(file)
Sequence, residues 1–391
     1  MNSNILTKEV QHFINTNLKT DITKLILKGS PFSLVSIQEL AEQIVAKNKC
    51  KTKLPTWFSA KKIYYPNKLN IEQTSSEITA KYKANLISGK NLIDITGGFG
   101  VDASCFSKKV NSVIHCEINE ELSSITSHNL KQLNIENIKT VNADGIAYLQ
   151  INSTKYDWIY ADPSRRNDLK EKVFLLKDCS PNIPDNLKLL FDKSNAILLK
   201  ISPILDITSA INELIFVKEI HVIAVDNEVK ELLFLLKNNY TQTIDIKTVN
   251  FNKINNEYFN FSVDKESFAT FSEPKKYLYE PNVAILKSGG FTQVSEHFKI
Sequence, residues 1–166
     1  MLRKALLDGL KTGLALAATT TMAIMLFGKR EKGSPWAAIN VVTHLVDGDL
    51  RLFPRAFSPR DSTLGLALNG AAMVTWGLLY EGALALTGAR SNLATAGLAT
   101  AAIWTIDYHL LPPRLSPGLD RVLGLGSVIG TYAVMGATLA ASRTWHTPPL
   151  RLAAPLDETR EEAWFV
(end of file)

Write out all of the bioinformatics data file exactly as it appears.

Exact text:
Sequence, residues 1–391
     1  MNSNILTKEV QHFINTNLKT DITKLILKGS PFSLVSIQEL AEQIVAKNKC
    51  KTKLPTWFSA KKIYYPNKLN IEQTSSEITA KYKANLISGK NLIDITGGFG
   101  VDASCFSKKV NSVIHCEINE ELSSITSHNL KQLNIENIKT VNADGIAYLQ
   151  INSTKYDWIY ADPSRRNDLK EKVFLLKDCS PNIPDNLKLL FDKSNAILLK
   201  ISPILDITSA INELIFVKEI HVIAVDNEVK ELLFLLKNNY TQTIDIKTVN
   251  FNKINNEYFN FSVDKESFAT FSEPKKYLYE PNVAILKSGG FTQVSEHFKI
Sequence, residues 1–166
     1  MLRKALLDGL KTGLALAATT TMAIMLFGKR EKGSPWAAIN VVTHLVDGDL
    51  RLFPRAFSPR DSTLGLALNG AAMVTWGLLY EGALALTGAR SNLATAGLAT
   101  AAIWTIDYHL LPPRLSPGLD RVLGLGSVIG TYAVMGATLA ASRTWHTPPL
   151  RLAAPLDETR EEAWFV